07 November 2009

So How About Them Bloggers?

With apologies to anyone who is a Dodgers fan...

I was probably a little late to the Blogsphere - but as I approach 1500 blog entries - I think I have been getting used to it.

But what about other Bloggers? Is there something that tends to bind us Bloggers together. Until about 18 months ago - I had regarded it as a solitary exercise. Since then I have started to collaborate with other Bloggers and Tweeters.

You can see some of my efforts on The Beat, 4Hoteliers and Tnooz amongst others.

So it was very interesting to see how Bloggers see themselves. I hope you wont find this piece too self serving. I think its interesting.

Check out the report as part of Technorati's annual state of the Blogsphere.

Have fun with it


Try Not To Be So Subtle

Ancillary Revenue is all about how you can persuade customers to part with extra money after they have already made the decision to buy your base product.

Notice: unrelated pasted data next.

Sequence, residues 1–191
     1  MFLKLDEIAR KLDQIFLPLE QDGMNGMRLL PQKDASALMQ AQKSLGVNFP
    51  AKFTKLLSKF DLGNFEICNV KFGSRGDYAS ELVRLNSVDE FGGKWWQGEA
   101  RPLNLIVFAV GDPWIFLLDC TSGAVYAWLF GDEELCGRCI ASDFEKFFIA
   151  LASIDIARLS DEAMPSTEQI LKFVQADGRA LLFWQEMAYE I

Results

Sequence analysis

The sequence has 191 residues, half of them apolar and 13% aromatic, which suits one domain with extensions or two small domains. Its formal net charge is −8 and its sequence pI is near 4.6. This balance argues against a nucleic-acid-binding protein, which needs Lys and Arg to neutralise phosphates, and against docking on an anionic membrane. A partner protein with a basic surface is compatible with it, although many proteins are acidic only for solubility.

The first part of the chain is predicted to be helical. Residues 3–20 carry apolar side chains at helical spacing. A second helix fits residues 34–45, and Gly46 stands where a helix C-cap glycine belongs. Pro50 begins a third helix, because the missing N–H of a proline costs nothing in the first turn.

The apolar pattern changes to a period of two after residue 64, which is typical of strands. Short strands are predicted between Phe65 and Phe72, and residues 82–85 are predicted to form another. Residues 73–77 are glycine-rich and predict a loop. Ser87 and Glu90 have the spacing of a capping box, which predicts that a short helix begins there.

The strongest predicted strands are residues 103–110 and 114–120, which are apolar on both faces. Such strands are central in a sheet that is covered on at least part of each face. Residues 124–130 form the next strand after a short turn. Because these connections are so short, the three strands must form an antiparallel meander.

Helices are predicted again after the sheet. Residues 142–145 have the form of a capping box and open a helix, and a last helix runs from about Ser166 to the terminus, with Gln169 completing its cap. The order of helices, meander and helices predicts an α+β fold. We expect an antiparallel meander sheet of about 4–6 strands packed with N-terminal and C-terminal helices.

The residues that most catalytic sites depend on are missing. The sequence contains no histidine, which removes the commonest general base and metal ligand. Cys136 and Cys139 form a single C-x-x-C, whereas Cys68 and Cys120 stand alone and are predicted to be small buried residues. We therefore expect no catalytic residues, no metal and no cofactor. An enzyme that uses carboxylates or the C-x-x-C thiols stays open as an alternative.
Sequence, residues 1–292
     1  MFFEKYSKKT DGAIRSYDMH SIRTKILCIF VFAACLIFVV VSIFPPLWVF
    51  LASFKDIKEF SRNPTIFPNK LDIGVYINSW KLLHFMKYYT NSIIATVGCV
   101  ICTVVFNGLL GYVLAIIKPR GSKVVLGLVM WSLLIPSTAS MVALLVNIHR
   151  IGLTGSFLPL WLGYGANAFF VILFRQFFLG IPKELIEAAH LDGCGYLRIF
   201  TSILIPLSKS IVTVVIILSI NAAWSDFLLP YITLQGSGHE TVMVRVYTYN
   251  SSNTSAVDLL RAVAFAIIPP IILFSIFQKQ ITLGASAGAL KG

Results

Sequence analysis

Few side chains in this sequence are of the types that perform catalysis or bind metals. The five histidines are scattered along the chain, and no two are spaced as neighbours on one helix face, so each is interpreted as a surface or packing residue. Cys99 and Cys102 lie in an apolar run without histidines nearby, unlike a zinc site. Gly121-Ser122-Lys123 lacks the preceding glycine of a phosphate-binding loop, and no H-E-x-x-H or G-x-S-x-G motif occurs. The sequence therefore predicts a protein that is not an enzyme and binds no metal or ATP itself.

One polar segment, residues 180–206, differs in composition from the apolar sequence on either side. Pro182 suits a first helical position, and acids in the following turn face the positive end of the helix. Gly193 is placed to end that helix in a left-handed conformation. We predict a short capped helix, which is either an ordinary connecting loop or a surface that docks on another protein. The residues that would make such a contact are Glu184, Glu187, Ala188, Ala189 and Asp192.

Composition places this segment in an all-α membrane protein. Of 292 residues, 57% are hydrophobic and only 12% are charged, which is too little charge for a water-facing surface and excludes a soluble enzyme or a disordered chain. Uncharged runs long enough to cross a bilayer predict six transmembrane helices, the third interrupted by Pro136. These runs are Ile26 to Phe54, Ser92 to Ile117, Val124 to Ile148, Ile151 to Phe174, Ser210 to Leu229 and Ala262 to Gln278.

Bangkok Airways bills itself as Asia's Boutique Airline. And it does a nice job. I have flown on them several times to and from Thailand.

They are converting their fleet from Boeing 717s to Airbus A319s. Additionally they have ATRs for the shorter haul flights.

So on boarding I was impressed with a little sign on the front of the cabin. Look carefully and you will see the word "SELL" on the panel to the right as you enter aircraft.

The cabin crew denied knowing what it meant. But I think they might just have been embarrassed. They need not be...

If its effective - then do it.


05 November 2009

Psst Want Free inflight Wifi?

Then you will need to be my friend (or any number of other GoGo Inflight Wifi users).